Another week goes and it is Friday once again. Which means only one thing... [drumm roll] another fantastic edition of Artist Corner. This week the art gods have been generous and sent me a talkative energetic artist. If you ever wanted to tie up an artist and make them spill their guts on the table, Lea Johnson will do that with an ease and a smile. An industrious art school grad Lea is a multi-sided personality and undefined and highly individualistic art style. Listen, relatively speaking, to the blueprints of a budding new artist. Harry Markov: Thank you Lea for being a sweetheart and taking up my invitation to sit on my virtual chair and share some of your opinions, experiences and possibly even secrets regarding. But before we delve that deep, it’s customary for me to ask ever artist: What was your first encounter with art to inspire you to devote so much time into it? Lea Johnson: Well, I’ve always been into drawing since I was a kid, but I think there were two people that really made me decide that I wanted to be an artist. The first being my father, he is an amazing artist as well…but he gave up art to raise our family; he always encouraged me to keep with my art and music while being really loving and understanding. Then in high school, I had a really great art instructor that pushed me and kept me up on art. She also really helped me as far scholarships. I still talk to her and sit in on her classes every now and then to keep up on my skills. HM: Just so the readers like you even more, can you describe yourself in short? Who is Lea Johnson and how did she come up with the interesting nickname lilykane on Deviant Art? LJ: The nickname…Well, Lea Johnson is unfortunately really common name, and it made it difficult to find a decent email address… And my full first name, most people can’t pronounce, and the people that can never spell it right (yes, Lea is only half of my first name). “Lilykane” I ended up yanking from the games Fatal Fury and King of Fighters after Billy Kane’s little sister—no, not the show “Veronica Marrs”. I’ve had this nick since 1995. As for myself, I’m pretty much a normal art school grad working for the Man. I love music and play three different instruments (piano, drums, and bassoon), and I still play the drums and piano for fun. And of course, I’m a video game junkie. I also love to do karaoke with my friends, playing with my adorable nephew, and writing. HM: Which artist so far has had an exceptional influence on your work? LJ: I love Andrew Wyeth and Alfons Mucha. Wyatt, I think I probably pull a lot of influence for my color palette from him. It’s nothing intentional, but it’s something I notice every now and then. Mucha, I absolutely love his anatomy and design. Other artists I love are, of course, Falcoon and Takuji Kawano. Falcoon, people think I take a lot of influence from as far as color technique…but I think it’s actually Kawano that I look to more. Kawano is one of the concept artists at Namco. He did most of the character designs for the Soul Calibur games and the later Tekken games, most people didn’t really take notice of his work until he did the artwork for “Namco x Capcom”. He doesn’t get a lot of recognition for his work, but I love the simplicity of his work. His anatomy is a bit more realistic than Falcoon’s; still stylized and elongated, though. And finally, Adam Hughes. Considering how much influence DC comics had on me as a child, Hughes’ work fills me with awe every single time. His pencil works especially. Really, the best way to describe him is a modern-day Mucha. Oh, and Soraya Saga/Kairi Tanaka. Most people know her for writing the script to Xenogears, but her artwork and design work is just breathtaking; especially how she draws the adult anatomy, beautiful diva-inspired women and masculine, strong-jawed men—also, the fact that she was kind enough to email me back and forth for awhile really made me love and respect her work as a writer and an artist. HM: Judging by your gallery I can see that you pay a lot attention to the human body and form in different poses, but usually most of the pieces carry their otherworldly charm with either wings or horns. What exactly in fantasy and outside of the real world made you come back to these themes? LJ: When I was a child, my mother read to us at night, particularly Grimms’ fairy tales. I find a lot of those themes creep into my work. HM: Where do you search for ideas for new projects? For that matter what other art forms inspire your work: literature, music, dance, etc? LJ: Music definitely is a huge influence. I grew up in a family full of artists and musicians. Literature, I do love to write and keep of a journal for ideas; I particularly find that sometimes writing allows for things that visual art can’t, they just appeal to different senses that visual artists just can’t influence; the same with instrumental music. But I love reading the works of writers like Stephan Crane and Leo Tolstoy. The language is their works is so thick, like a good oil painting. HM: It’s also fair to mention that a sizable section of your gallery consist of fanart. Now we both know people tend to judge everything that is fan made like art and fiction to be nothing series, but can I hear the opinion of someone on the other side. Why do you think fanart has taken up such a growing role around creative circles and what can you say to the people, who diminish its importance? LJ: Fanart is no different than life drawing; it’s a place to find influence and inspiration. It allows for an artist to find a starting place for creativity. I’ve find in my experiences online that many people aren’t even aware of what constitutes as “fanart” or what have you, like people place draw fanart of certain subjects in a lower category than others. But again, everyone has to start somewhere. Artists like Falcoon, Bengus, and the Udon art circle got their start from drawing fanart. And fanart ranges from anything from drawing a favorite character to drawing a portrait of a movie star, which--as I mentioned earlier—many naysayers of the genre don’t even realize that drawing a celebrity is indeed fanart. Those portraits you see in People Magazine, the paintings of kings in museums, even something like Disney’s fairytale adaptions and so on…are all a genre of fanart. It has its place in culture and won’t be leaving anytime soon. HM: To follow the same thread, why do you personally invest your time in working on recognizable titles such as Tekken, Silent Hill and Resident evil? What kind of artistic need does it fulfill? LJ: I consider it a form of showing my appreciation and love of video gaming. Fandom in itself is a kind of subculture. Unfortunately, it also has a bit of a bad reputation in some of its forms, but I enjoy doing it. It allows me to combine two of my hobbies and loves: art and gaming, and it’s relatively healthy. HM: Also what is Xeno? I have yet to encounter a name that doesn’t ring a bell. LJ: “Xeno” is just a nickname for the game Xenogears and the game series Xenosaga. The two are not related, except that they have the same creators and many references and nods to each other. Xenogears itself is one of Squaresoft little-known games that has bit of a cult following because of its quirkiness and sci-fi elements. It’s also known for being released half-finished, supposedly. Xenosaga was the follow-up that was released by Namco later. It ended up also being half-finished. But I love ‘em both. HM: So let’s talk about style. You have stated clear and loud that you are not an anime artist. This I can vouch for because the human body touches reality, but how do you characterize what you do, just so that non-artists can understand it better? LJ: I don’t consider myself an “anime” style artist; however, I don’t make it a secret that I do have some influences from Japanese art. I feel that because I take influence from so many sources outside of the genre I can’t be placed in the anime category. Not only that, so many artists from Japan also draw from sources outside of anime that it’s unfair to say that any stylization that draws on exaggerating anatomy is entirely Japanese. I find that I have stronger influence from Western comics and animation. Plus, I do look at classical art and life for influence as well. I particularly love looking to photography for inspiration for color and design. HM: With modern technology it is quite difficult to distinguish between what is done by hand and what is tinkered on the computer. I get the same vibe from your work. The fluid line work I figure is done by hand and the coloring is perhaps digitally added. Did I hit a bull’s eye? What materials do you use and how long does it take for a piece usually? LJ: I usually do my lineart by hand, inked. I tend to work with ballpoint pens on heavy stock paper (usually around 65 lbs). It’s cheap, but with certain pens it’s easy to emulate pencil. I mostly use ink to keep from having smudges on my paper and archival reason. Then I scan and work in Photoshop CS3 and Painter X for color. Occasionally, I’ll do straight digital works or completely redraw sketches in Photoshop or Painter. I’ve kinda lost the patience to do that these days with my other jobs that I work, but it’s a good skill to have. Most pieces take anywhere from a couple of hours to ten hours to finish, according to how detailed I’m working or what look I’m trying to achieve. I color and draw with a Wacom Intuos tablet and use an Epson scanner for my lineart. HM: Is there a certain technique or movement in art you would wish to experiment with? LJ: I’d really like to get back into painting with traditional materials. My current studio isn’t really large enough for that at the moment, so I don’t do much painting aside from watercolor these days. But I’d like to get back to doing wall-sized oil and acrylic paintings. Currently, I’ve been interested in doing more with collage. I’ve been really into Dave McKean’s work as of late, and I’m really impressed by how he’s managed to be completely original with his style and technique within the comic book industry. HM: This question is going to encompass quite a lot, I hope you don’t mind. Some artists have a knack for landscapes, others for creatures, while you pay attention to the human body in close detail. How come did the human physique in nudity or semi-nudity stick as a predominant theme in you work and what is hard to draw: the male or the female body? LJ: I find the human body to be beautiful and masterfully constructed. I also find that it’s a shame that outside of pornography and high art, it’s something that’s ignored in most cultures despite that’s part of nature. So, I’ve focused on mastering drawing the human body for the past decade. I actually find the male body the most difficult to draw. I’m not sure why, though I suspect it’s because I’m not a guy myself :). HM: Another keen observation shows me that you like adding wings to your characters. Does this mean you love angels or love birds? LJ: I take some influence from Western classical art, so I do tend to incorporate some of the motifs. HM: How does art fit in your life? Are you a freelance artist or perhaps you have a day job? Have you found professional realization? LJ: I do freelance illustration and jewelry making on top of working a daytime job for the Department of Health and Human Services—U.S. government work. It does get very stressful at times to try to work both jobs, since the latter job is a government job that demands a lot of my time and attention. Eventually, I’d like to do my art fulltime, but for now I do both. I will say, the government job does give me the satisfaction of being able to help people in need, believe it or not. So, it could be worse. And my bills are being paid, and that’s always nice. Ultimately, my goal is to get into gaming or cinema as a concept artist, though right now I don’t feel I’m the level I need to be in order to do that, so I’m still working on drawing and painting skills while working for DHHS. Plus, doing the freelancing allows for me to be able to do my art while at home, and I’m able to send my art anywhere thanks to overnight mail and the internet. Eventually, I plan on moving back out to the East Coast in order to be able to make meeting clients easier. My dream is to work for Capcom…not that will happen anytime soon, but I can fantasize, right? ;) HM: I also have to wonder what your current projects are. What can we expect? LJ: Currently working on a script for a small comic I’d like to draw; hopefully I’ll have the first volume of that published by the end of the year. I can’t really talk about that at the moment, but hopefully I’ll be allowed to here soon :). Most of the other current projects I’m doing right now are things like logos and designs for small companies. Nothing really exciting, but it builds up the portfolio. Thanks for taking the time to listen to me ramble! And this is it people. I hope you had a good time and if you ever wondered how an artist is being born and shaped in their medium, to summ it up: It isn't a simple a process.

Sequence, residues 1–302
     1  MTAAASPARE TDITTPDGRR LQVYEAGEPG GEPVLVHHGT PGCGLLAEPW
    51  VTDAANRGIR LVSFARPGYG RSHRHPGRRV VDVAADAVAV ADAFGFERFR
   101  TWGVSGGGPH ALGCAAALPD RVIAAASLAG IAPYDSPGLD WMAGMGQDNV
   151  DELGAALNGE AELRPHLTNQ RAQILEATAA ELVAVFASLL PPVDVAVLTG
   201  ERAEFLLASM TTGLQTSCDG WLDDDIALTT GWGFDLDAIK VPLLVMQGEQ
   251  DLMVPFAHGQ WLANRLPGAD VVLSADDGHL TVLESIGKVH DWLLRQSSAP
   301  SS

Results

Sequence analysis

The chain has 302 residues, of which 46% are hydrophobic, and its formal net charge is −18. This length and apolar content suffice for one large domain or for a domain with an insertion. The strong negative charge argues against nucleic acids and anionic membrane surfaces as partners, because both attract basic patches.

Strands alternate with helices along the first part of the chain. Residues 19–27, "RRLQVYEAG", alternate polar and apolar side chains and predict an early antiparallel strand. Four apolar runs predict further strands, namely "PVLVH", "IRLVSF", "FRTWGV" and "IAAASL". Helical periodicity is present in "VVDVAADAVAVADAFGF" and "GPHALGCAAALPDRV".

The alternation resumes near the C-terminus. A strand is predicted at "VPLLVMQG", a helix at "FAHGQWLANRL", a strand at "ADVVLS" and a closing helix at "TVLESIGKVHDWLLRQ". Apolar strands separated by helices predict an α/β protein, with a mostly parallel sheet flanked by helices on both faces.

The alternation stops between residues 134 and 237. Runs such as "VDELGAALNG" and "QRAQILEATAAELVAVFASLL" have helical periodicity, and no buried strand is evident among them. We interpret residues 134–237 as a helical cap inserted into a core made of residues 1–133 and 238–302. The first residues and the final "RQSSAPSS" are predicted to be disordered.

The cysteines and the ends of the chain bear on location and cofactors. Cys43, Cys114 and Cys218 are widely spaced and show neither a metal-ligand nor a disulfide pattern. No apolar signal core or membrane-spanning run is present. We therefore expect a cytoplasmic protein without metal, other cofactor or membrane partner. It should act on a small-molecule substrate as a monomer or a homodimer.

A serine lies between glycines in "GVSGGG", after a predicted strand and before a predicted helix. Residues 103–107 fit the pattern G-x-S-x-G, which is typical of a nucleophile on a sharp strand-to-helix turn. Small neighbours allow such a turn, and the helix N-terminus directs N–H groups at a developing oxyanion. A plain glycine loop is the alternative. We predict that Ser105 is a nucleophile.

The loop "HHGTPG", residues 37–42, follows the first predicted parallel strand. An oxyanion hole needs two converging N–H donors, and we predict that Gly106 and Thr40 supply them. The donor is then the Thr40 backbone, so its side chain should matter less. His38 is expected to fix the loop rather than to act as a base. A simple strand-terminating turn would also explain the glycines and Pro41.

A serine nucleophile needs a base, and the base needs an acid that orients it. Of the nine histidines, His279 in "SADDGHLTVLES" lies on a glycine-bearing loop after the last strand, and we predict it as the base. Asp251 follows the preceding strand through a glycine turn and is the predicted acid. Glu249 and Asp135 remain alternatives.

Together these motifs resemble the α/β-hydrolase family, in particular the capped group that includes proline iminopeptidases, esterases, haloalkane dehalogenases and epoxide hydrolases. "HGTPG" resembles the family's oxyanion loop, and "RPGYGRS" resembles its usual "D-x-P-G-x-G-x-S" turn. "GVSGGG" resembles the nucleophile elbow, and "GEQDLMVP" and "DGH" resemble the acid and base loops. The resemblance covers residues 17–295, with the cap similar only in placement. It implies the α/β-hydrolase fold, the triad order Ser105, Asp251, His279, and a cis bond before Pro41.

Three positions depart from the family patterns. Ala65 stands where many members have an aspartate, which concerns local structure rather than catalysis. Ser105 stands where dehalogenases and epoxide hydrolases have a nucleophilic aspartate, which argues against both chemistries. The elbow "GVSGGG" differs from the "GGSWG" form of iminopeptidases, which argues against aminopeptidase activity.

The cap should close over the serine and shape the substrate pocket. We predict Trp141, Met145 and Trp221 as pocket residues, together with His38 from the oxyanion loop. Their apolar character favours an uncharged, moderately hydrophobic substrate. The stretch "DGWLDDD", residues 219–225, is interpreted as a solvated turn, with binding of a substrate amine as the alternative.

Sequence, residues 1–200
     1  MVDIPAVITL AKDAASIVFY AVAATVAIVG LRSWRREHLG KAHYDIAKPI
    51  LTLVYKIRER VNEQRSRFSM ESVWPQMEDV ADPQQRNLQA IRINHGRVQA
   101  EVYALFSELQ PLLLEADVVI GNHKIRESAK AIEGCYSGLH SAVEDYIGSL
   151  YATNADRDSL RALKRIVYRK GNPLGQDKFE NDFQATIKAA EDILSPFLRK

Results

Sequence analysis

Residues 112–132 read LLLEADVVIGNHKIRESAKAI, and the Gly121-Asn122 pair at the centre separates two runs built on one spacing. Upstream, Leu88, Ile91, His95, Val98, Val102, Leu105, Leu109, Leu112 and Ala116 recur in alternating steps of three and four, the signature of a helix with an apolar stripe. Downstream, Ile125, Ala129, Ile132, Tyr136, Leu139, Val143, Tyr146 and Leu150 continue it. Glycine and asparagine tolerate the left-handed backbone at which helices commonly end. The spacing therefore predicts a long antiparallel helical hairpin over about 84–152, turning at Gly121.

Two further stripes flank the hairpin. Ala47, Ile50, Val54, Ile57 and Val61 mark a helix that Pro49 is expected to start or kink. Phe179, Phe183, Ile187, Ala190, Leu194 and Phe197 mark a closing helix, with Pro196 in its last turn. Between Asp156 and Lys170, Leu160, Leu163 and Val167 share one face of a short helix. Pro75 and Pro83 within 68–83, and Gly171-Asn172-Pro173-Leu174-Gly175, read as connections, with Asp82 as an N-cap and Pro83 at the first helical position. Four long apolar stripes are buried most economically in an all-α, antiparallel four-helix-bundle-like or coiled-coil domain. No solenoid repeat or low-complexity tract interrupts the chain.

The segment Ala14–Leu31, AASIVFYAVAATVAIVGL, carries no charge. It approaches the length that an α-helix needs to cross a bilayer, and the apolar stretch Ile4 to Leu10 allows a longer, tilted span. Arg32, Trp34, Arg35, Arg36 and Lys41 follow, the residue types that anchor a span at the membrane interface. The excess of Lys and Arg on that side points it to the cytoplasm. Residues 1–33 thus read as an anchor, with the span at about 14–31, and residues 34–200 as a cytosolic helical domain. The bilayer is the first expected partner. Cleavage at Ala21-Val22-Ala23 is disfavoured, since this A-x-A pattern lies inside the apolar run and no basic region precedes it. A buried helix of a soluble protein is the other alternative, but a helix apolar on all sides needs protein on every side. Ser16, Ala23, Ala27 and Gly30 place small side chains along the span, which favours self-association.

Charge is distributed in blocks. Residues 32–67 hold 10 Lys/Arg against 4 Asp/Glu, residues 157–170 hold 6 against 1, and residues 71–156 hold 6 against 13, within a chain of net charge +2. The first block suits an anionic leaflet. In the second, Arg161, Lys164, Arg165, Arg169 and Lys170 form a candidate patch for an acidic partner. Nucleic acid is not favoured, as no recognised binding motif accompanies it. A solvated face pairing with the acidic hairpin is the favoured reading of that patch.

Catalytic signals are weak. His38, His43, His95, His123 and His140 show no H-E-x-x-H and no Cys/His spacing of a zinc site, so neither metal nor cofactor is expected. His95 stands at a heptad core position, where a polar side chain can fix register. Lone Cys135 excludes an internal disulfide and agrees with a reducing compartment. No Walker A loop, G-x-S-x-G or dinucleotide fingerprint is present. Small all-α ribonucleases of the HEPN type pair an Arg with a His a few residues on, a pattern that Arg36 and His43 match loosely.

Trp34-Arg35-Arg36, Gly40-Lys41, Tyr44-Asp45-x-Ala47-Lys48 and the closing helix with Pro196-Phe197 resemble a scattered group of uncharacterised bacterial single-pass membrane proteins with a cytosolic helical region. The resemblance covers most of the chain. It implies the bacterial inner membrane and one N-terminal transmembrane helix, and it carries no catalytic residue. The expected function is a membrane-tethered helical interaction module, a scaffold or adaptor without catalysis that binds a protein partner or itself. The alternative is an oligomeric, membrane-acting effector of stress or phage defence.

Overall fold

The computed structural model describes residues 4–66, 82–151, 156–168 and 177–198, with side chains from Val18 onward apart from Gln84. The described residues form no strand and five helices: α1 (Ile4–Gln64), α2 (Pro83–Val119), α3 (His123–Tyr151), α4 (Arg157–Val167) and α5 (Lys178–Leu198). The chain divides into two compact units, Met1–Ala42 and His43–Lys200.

Thursday, March 12, 2009